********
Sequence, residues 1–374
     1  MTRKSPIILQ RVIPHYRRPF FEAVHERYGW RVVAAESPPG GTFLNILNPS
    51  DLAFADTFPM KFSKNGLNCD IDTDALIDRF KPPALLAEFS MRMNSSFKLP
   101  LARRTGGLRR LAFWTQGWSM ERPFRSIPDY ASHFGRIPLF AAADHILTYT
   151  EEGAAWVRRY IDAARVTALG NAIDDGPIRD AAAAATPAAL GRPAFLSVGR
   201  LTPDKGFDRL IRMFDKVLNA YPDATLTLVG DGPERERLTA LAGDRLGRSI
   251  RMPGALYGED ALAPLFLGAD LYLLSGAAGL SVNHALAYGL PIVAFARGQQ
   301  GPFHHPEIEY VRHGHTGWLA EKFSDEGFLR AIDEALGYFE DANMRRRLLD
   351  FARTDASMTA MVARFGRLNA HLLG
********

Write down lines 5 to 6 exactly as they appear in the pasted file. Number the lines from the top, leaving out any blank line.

   151  EEGAAWVRRY IDAARVTALG NAIDDGPIRD AAAAATPAAL GRPAFLSVGR
   201  LTPDKGFDRL IRMFDKVLNA YPDATLTLVG DGPERERLTA LAGDRLGRSI